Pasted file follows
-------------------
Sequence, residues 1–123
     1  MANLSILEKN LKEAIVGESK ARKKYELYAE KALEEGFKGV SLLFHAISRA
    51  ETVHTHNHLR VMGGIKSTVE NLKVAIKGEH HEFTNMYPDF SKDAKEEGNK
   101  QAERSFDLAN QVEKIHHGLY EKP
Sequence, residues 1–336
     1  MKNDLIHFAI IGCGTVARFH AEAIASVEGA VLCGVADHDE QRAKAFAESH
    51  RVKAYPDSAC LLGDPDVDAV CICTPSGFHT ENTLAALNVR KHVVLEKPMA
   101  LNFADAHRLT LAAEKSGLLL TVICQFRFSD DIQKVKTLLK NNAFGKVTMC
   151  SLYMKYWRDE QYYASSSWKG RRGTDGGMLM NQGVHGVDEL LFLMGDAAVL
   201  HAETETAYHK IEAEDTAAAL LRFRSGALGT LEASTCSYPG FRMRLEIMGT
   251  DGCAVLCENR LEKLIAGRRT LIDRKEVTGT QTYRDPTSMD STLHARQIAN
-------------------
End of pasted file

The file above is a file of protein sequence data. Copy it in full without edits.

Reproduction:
Sequence, residues 1–123
     1  MANLSILEKN LKEAIVGESK ARKKYELYAE KALEEGFKGV SLLFHAISRA
    51  ETVHTHNHLR VMGGIKSTVE NLKVAIKGEH HEFTNMYPDF SKDAKEEGNK
   101  QAERSFDLAN QVEKIHHGLY EKP
Sequence, residues 1–336
     1  MKNDLIHFAI IGCGTVARFH AEAIASVEGA VLCGVADHDE QRAKAFAESH
    51  RVKAYPDSAC LLGDPDVDAV CICTPSGFHT ENTLAALNVR KHVVLEKPMA
   101  LNFADAHRLT LAAEKSGLLL TVICQFRFSD DIQKVKTLLK NNAFGKVTMC
   151  SLYMKYWRDE QYYASSSWKG RRGTDGGMLM NQGVHGVDEL LFLMGDAAVL
   201  HAETETAYHK IEAEDTAAAL LRFRSGALGT LEASTCSYPG FRMRLEIMGT
   251  DGCAVLCENR LEKLIAGRRT LIDRKEVTGT QTYRDPTSMD STLHARQIAN